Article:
Eco-Fiesta 2017

This year’s Eco-Fiesta, a few days ago, was much like those of previous years: a lovely day in the park with all sorts of loosely ‘greenie’ and ‘alternative’ people and organisations.  I wrote enough about the 2014 and 2013 events that I shouldn’t need to present an overview this time, so I will dive straight in to the things which caught my attention.

Wildlife Queensland had a well-staffed stall featuring a great gallery of flying fox photos. These animals get a bad press and need all the support they can get.

North Queensland Regional Plan had a very boring stall (I’m sorry, but it’s true!) which tried to engage visitors in planning for our region, the local government areas of Charters Towers, Burdekin Shire, Hinchinbrook Shire and Townsville. It’s a state government initiative and welcomes online input here. I told them about our declining rainfall. What’s your concern?

The Beekeepers  Continue reading “Eco-Fiesta 2017”

Reptiles on your plate: snakefruit and dragonfruit

snakefruit
Fruit stall beside the path into Goa Gajah, Bali. From top: monkey bananas, dragonfruit and snakefruit, and mangosteens

We have recently returned from two weeks in Bali. They were enjoyable and interesting in many ways and part of the fun was discovering new food. Our favourite ‘new’ fruit, by far, was the snakefruit – ‘salak’ in the local language Continue reading “Reptiles on your plate: snakefruit and dragonfruit”

Tropical fruit in season in Townsville

We’re coming to the end of our Wet season (not that it was very wet!) and the local fruit supply reflects the change.

  • Mangoes have finished (sad face). I haven’t seen anyone selling them off the back of a ute for a couple of weeks, and I think the fruit we got in the last few weeks before that was from somewhere down south, not that the sellers said so. (The season starts in the NT in October and harvesting progresses south, reaching Townsville around Christmas.)
  • Custard apples are back in season (happy face). They were on sale at Cotters Market two weeks ago, and should be available for the next six months.
  • I picked the second of two Monstera fruit on my creeper a couple of days ago (happy face), after missing the ripening of the first (sad face) a fortnight ago.
  • My Ducasse bananas are flourishing (happy face). I have just picked a small bunch, two more bunches are fully formed but some months off ripening, and two more plants have just flowered.

Grey water – keeping gardens alive during water restrictions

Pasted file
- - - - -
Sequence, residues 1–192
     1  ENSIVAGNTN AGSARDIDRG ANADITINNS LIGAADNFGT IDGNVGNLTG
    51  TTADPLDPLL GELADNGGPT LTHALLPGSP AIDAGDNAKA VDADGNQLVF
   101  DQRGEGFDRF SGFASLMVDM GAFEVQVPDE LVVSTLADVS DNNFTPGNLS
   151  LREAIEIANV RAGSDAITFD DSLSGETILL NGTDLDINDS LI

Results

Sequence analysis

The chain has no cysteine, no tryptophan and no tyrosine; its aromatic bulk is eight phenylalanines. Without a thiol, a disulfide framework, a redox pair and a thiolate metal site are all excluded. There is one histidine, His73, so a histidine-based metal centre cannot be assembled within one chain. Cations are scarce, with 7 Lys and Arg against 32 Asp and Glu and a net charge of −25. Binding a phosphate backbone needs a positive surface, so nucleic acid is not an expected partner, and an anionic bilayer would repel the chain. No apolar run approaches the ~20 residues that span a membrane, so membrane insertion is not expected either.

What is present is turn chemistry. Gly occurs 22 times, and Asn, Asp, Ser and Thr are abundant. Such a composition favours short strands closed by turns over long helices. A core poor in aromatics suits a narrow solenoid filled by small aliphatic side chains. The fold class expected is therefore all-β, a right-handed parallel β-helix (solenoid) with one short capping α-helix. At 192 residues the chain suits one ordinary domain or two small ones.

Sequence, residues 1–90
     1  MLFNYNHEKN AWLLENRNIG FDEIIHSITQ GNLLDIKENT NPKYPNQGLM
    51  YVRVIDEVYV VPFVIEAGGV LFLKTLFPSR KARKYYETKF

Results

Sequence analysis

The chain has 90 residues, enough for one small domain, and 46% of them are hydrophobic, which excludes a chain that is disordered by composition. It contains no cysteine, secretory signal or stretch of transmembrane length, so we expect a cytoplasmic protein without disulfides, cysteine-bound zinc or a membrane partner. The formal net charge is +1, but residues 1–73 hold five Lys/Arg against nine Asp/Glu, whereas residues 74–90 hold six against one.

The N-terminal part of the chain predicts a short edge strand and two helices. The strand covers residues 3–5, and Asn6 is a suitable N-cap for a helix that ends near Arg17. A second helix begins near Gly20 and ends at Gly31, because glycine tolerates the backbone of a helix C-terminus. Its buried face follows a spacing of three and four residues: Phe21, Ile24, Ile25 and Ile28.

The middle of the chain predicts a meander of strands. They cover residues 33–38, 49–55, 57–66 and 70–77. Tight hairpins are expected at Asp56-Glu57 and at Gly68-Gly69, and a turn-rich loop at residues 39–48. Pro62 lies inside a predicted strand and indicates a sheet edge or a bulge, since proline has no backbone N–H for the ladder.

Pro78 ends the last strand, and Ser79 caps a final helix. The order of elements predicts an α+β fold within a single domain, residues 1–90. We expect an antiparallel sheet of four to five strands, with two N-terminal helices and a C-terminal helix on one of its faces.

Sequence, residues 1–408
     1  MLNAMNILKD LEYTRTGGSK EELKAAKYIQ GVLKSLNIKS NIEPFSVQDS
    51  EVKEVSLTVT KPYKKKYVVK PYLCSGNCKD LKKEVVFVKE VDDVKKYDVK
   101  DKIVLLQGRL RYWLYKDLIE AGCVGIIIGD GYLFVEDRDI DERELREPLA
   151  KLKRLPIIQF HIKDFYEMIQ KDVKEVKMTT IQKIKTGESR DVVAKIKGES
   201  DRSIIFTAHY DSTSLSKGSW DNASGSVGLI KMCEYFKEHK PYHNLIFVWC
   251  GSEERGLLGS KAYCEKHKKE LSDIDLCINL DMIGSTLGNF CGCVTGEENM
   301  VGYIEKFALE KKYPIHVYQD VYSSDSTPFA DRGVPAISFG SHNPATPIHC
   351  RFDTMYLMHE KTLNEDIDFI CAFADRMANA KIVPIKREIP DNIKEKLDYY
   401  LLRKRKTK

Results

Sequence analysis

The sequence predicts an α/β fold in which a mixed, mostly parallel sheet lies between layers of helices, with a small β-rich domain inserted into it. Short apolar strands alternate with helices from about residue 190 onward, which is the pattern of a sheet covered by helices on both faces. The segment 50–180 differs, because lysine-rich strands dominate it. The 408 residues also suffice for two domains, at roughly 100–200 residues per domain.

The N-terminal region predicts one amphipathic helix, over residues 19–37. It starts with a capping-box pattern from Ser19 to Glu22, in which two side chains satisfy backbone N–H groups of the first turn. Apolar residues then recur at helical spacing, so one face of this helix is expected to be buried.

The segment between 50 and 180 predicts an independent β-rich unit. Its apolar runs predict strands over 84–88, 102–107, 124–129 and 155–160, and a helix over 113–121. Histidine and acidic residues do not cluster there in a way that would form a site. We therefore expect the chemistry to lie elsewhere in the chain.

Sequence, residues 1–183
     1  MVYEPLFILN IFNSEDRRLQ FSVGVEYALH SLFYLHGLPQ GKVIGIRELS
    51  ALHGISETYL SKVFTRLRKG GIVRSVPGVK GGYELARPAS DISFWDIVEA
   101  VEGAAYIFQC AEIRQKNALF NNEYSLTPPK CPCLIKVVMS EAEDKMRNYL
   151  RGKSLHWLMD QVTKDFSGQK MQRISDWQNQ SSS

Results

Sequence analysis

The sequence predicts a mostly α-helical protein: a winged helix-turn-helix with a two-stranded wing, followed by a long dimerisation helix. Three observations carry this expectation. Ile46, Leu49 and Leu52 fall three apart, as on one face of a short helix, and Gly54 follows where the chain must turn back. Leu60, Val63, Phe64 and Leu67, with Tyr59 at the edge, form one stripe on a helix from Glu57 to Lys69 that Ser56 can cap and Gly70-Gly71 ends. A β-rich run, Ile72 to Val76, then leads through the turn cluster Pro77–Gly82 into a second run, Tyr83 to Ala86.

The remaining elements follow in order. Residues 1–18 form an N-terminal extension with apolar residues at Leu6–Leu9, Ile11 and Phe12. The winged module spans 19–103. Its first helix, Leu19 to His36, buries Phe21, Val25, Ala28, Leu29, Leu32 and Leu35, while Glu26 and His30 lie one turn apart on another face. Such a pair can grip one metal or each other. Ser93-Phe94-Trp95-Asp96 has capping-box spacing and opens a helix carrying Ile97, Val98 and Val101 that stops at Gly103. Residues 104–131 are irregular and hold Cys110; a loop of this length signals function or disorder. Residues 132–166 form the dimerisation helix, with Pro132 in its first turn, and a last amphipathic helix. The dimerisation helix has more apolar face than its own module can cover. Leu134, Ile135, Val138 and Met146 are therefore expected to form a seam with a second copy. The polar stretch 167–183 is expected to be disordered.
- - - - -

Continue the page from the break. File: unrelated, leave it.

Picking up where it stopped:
Townsville is on Level 3 water restrictions as I write and is quite likely to be on Level 4  within a few months. If so, it’s very likely to stay on level 4 until we get our next Wet season.

Level 3 (sprinklers not to be used, handheld watering 6-7am and 6-7pm only, odds and evens applies to handheld watering) is tough enough on gardens – and gardeners – and Level 4 (no sprinklers or handheld watering allowed, watering cans/buckets only, odds and evens applies to watering cans/buckets) will be far worse. In these conditions, using grey water is one of the most significant options Continue reading “Grey water – keeping gardens alive during water restrictions”

Dove orchids in bloom

My garden smells wonderful this morning – every single clump of dove orchids is in full bloom. Read about them at Dove Orchids and the verdict, Unreliable Orchids, if you don’t know them.

Now … is it going to rain in ten days’ time? or are they responding to the little bit of rain (about 10 mm on the 24th) we had a week ago? or neither, or both? Time will tell. Meanwhile, I will get into the garden and enjoy them.

 

While the gardener’s away …

plover
Plovers on our nature strip

Coming back from holidays, we see our own homes and gardens with fresh eyes. Coming back from Japan, where gardens are groomed with an exquisite care verging on the obsessional (more on that in another post) made our own bush garden seem even more, um, informal than ever, especially since the poplar gum is still losing a few leaves.

The local birds have noticed that the house has been almost empty, and the plovers (above) which usually lurk on the far side of our street have taken to visiting us constantly. I don’t mind at all, but I suspect they will drift away again once they see we’re back.

Also, one seasonal change was confirmed when we returned on Sunday: the Pied Imperial Pigeons (aka Nutmeg Pigeons or Torres Strait Pigeons) are definitely back. I’ve heard them every day and spotted them a few times. (I thought I had heard them just before we went away, a month ago, and my Friendly Local Expert said that yes, it was possible, but it would have been unusually early in the year for them to have returned to us. Now there’s no doubt.)

Many Peaks Trail – insects and plants

yellow flowering tree
Kapok flowering above Tegoora Rock

As promised, I’m posting photos of wildlife (and a few plants) seen on my recent Town Common walk.

The Kapok tree, Cochlospermum gillivraei, is one of many tropical trees which loses its leaves in the dry season and bursts into flower before the foliage returns.

Our local species is one of four kapoks which occur in northern Australia. It is unrelated to the kapoks of Central America and Africa but, like them, has big seed pods filled with cotton-like fibres.

We have found that both the (native) Batwing Coral Tree and the (exotic but well and truly naturalised) Poinciana flower best when they receive least water though winter, and I wouldn’t be surprised if the Kapok is the same.

red cucumber
Native Bryony, aka Striped Cucumber

This bright red fruit caught my eye on the edge of the rainforest a little further along the trail. It’s a Native Bryony, Striped Cucumber or Marble Vine, depending on who you ask, but a Diplocyclos palmatus whichever common name you use.

It is  native to Australia but Continue reading “Many Peaks Trail – insects and plants”